What made the human brain? According to Stanley Kubrick and Arthur C. Clarke, it was a giant obsidian monolith inspiring primates to use tools and weapons. Scientists have taken a more nuanced approach, looking for the biology behind the complex structures and enhanced function of the human brain. But merely comparing the genes expressed in adult human brains to those of other animals yielded few promising differences, leading scientists to focus on changes in the regulation of old genes rather than the arrival of new genes. After all, the construction of a structure as important as the brain cannot rely on unpredictable, novel genes with new functions, right?
However, those young genes are recently taking on a higher profile. In a 2010 paper, the University of Chicago laboratory of Manyuan Long demonstrated that new genes exclusive to a given species can be just as critical to an organism’s survival as the old, conserved genes it shares with other species. The implication at the time was that what makes us uniquely human could lie in those “young” genes that only appeared in our genome relatively recently.
“Animal models have proven to be very useful and important for dissecting human disease,” said Sidi Chen in 2010 about that study. “But if our intuition is correct, some important health information for humans will reside in the unique parts of the human genome.”
A new study from Long’s lab appearing yesterday in PLoS Biology identifies one important place where those new genes may play role: the human brain. By merging a database of gene age with gene transcription data from humans and mice, researchers looked for where young genes specific to each species were expressed.They found that a higher percentage of primate-specific young genes were expressed in the brain compared to mouse-specific young genes. Human-specific young genes also were more likely to be expressed in uniquely human brain structures, such as the neocortex and prefrontal cortex.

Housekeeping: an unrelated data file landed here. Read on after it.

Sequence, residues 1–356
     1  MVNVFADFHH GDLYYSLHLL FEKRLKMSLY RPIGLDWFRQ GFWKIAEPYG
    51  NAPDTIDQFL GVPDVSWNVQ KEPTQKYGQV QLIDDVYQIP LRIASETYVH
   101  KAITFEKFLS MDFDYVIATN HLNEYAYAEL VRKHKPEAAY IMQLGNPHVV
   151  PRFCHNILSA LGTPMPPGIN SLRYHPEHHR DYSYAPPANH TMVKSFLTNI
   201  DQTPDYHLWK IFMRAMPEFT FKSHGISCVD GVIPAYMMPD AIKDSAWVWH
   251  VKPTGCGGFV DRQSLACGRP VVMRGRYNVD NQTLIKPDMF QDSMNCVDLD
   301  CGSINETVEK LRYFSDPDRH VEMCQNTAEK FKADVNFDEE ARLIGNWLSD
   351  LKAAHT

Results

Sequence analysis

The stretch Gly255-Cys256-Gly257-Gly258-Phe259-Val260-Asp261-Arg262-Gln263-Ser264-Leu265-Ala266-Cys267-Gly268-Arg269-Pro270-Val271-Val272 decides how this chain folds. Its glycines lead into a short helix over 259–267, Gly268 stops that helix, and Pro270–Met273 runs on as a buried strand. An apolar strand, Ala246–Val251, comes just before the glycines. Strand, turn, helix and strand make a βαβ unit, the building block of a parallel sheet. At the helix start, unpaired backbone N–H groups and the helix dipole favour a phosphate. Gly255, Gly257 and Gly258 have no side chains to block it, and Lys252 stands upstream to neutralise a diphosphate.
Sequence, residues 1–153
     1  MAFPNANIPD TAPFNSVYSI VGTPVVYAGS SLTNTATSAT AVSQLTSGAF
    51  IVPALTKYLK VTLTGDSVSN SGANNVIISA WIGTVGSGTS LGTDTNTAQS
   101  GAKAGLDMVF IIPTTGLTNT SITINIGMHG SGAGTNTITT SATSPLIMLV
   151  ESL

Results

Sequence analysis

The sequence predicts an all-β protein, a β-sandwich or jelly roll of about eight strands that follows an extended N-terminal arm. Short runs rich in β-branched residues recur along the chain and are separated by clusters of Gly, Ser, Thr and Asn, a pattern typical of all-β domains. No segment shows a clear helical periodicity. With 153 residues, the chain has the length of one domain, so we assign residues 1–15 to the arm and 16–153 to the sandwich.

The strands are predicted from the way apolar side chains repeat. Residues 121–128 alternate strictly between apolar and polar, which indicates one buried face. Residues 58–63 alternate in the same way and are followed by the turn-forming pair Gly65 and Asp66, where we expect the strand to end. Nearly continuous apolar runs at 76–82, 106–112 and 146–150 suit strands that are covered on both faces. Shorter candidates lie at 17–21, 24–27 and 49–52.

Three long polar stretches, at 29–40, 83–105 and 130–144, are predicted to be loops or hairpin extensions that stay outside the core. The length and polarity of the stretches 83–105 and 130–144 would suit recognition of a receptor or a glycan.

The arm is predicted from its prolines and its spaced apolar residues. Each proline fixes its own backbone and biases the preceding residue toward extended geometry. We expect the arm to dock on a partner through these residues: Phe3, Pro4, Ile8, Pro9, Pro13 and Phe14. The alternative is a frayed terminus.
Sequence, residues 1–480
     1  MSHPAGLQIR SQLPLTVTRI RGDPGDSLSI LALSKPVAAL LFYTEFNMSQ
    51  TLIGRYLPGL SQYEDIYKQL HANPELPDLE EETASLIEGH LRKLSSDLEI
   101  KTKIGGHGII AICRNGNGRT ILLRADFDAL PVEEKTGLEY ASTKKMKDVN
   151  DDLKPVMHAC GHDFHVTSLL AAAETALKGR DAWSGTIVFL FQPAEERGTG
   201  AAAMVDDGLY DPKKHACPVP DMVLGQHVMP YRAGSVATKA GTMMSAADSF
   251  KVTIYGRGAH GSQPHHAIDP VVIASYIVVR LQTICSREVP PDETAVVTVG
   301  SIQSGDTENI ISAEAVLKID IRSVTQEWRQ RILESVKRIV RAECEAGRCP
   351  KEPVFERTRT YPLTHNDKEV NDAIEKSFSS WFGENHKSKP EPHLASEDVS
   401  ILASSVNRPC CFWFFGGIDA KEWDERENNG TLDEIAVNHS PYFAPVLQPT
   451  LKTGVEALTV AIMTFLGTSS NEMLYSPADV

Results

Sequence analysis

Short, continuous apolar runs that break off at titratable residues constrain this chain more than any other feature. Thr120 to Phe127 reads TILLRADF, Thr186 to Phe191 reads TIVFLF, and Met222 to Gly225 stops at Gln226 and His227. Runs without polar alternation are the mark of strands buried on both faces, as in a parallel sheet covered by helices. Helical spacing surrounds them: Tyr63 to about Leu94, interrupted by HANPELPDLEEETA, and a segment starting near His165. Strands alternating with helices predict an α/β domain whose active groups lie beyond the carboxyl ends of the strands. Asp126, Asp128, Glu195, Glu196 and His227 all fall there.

“Newer genes are found in newer parts of the human brain,” said Yong Zhang, PhD, postdoctoral researcher and first author on the study. “We know the brain is the most remarkable difference between humans and other mammals and primates. These new genes are a candidate for future studies, as they are more likely to underlie this difference.”
Another intriguing finding in the gene age data was inspired by Zhang’s visit to the obstetrician with his pregnant wife. While viewing an ultrasound of his unborn child, Zhang said he realized that much of human development takes place during fetal stages – suggesting those early months should be a critical time for gene expression. As predicted, young human-specific genes in the brain were more likely to be turned on during fetal or infant development.The early activity of these genes suggests scientists should be looking at earlier developmental stages for genetic activity that ultimately shapes the complexity of the human brain.
“What’s really surprising is that the evolutionary newest genes on the block act early,” said co-author Patrick Landback, a graduate student in Long’s laboratory. “The primate-specific genes act before birth, even when a human embryo doesn’t look very different from a mouse embryo. But the actual differences are laid out early.”
Importantly, the analysis does not pinpoint exactly which genes explain the appearance of the human brain. For now, it is only a correlation between the appearance of young human-specific genes and the evolutionary appearance of advanced brain structures. But the data does suggest that scientists looking for the origin of the human brain should look at the laregely-neglected newer genes instead of those conserved across species.
“Traditionally, people don’t believe that a new protein or a new gene can play any role in an important process. Most people pay attention to only the regulation of genes,” Long said. “But out of a total of about 1,300 new genes, only 13 percent were involved in new regulation. The rest, some 1,100 genes, are new genes that bring a whole new type of function.”
(Image: Todd Preuss, Yerkes Primate Research Center, Molecular Insights into Human Brain Evolution. Bradbury J PLoS Biology 3/3/2005)
Zhang, Y., Landback, P., Vibranovski, M., & Long, M. (2011). Accelerated Recruitment of New Brain Development Genes into the Human Genome PLoS Biology, 9 (10) DOI: 10.1371/journal.pbio.1001179